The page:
The Scottish Government also recognises the paramount importance of capital investment to support economic recovery. That’s why the hundreds of millions of pounds being poured into vital projects such as the new prison for Peterhead – supporting thousands of jobs in the process - are particularly welcome.

And of course the living wage, the council tax freeze, free prescriptions, concessionary travel and free university tuition are all helping to put money back into families’ pockets.

It is all the more disappointing then that the opposition parties, under orders from Westminster, obstinately refuse to support Scottish Government policy.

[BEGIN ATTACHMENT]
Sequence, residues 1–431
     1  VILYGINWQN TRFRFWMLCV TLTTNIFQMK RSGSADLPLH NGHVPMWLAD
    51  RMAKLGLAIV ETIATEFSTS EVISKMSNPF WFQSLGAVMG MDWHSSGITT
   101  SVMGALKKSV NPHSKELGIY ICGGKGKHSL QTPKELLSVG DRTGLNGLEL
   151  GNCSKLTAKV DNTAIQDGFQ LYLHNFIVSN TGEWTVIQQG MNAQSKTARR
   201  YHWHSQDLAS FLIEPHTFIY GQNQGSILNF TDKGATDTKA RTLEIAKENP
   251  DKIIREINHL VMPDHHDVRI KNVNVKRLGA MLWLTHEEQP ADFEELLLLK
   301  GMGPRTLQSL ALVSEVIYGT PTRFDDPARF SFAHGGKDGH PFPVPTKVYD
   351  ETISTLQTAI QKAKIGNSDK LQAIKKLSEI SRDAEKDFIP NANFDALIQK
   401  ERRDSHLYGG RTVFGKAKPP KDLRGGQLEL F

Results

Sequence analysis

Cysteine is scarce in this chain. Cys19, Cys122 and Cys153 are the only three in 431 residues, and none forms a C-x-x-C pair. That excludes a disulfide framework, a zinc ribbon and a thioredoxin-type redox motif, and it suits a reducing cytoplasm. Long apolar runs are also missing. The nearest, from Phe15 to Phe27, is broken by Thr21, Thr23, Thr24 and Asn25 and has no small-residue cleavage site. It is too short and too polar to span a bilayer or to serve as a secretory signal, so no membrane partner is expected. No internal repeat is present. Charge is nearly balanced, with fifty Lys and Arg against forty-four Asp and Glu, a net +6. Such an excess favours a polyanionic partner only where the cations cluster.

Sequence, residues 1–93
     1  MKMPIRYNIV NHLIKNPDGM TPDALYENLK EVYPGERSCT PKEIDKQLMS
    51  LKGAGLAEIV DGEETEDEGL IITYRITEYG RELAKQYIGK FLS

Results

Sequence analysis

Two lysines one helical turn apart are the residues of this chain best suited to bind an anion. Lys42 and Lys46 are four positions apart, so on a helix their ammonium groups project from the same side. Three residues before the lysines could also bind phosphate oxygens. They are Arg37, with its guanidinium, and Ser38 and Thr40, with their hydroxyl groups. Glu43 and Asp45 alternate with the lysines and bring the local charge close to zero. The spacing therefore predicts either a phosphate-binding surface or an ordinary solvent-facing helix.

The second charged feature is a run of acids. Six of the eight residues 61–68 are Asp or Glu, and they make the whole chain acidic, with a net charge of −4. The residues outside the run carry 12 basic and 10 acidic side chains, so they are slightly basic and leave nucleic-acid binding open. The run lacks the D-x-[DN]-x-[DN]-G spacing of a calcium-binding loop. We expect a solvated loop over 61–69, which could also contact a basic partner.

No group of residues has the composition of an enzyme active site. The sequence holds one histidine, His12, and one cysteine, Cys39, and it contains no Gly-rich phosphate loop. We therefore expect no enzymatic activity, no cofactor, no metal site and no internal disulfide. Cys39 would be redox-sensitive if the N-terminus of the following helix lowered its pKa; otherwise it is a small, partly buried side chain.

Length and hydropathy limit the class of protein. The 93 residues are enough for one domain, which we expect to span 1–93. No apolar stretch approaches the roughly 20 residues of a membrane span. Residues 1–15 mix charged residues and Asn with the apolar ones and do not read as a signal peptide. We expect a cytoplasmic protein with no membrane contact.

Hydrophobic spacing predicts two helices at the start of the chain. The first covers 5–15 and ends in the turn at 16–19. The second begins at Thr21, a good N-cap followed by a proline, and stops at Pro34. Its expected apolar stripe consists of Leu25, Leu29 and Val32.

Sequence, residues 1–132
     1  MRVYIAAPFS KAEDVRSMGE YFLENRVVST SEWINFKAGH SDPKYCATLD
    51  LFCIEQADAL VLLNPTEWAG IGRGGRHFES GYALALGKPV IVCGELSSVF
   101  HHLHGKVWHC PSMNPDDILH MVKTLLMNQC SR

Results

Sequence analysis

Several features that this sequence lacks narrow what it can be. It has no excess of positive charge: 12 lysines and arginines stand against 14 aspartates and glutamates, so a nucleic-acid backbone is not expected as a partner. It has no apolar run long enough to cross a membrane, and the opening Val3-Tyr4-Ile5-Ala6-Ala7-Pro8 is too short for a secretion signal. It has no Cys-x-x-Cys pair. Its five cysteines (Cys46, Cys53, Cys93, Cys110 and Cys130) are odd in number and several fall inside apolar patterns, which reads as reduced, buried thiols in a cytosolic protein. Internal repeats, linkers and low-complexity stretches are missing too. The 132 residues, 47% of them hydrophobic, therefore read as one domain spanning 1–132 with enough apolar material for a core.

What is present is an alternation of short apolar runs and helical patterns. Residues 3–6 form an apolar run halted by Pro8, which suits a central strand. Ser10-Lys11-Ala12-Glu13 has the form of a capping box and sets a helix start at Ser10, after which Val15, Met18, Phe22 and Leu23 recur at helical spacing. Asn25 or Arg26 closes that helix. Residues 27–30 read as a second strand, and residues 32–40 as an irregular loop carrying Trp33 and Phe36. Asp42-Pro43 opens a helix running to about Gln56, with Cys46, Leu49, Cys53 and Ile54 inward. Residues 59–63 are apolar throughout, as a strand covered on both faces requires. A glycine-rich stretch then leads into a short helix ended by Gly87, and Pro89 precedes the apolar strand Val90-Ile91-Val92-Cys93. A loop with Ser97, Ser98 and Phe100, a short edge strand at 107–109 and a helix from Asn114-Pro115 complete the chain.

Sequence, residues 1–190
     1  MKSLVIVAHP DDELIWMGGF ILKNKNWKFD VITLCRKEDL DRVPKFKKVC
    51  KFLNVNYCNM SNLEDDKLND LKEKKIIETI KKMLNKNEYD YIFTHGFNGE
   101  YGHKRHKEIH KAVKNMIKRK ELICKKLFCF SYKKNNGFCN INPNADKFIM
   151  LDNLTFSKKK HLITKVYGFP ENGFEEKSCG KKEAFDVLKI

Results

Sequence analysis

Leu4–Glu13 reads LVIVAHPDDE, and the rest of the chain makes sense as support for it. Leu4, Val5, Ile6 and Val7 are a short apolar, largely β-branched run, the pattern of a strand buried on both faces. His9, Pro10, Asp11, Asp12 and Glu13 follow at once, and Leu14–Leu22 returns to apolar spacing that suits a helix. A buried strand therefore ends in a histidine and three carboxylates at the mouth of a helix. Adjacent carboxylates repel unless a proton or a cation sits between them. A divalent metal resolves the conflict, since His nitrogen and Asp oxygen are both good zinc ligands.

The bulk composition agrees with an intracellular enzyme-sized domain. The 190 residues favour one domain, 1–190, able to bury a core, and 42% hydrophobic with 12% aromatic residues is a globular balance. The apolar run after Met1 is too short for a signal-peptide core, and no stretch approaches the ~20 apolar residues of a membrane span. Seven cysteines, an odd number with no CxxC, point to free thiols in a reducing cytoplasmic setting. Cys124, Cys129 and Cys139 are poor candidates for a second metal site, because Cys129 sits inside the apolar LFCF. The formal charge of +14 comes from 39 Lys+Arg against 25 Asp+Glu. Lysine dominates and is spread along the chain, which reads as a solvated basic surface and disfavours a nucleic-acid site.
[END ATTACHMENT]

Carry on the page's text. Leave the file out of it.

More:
Indeed, this disparity in political and social outlook does not just exist between the Scottish Government and the UK Government. The increasingly neo-conservative Labour Party is just as far out of touch with the public conscience.

A baffling speech from Scottish Labour leader Johann Lamont this week make it abundantly clear that the Labour party have dispensed with any remaining commitment to social welfare or public services.

In this speech Ms Lamont revealed her party’s desire to do away with everything from free care for the elderly to free prescription charges. She also underlined her wishes to impose tuition fees for university students reduce the number of modern apprenticeships and even end the council tax freeze.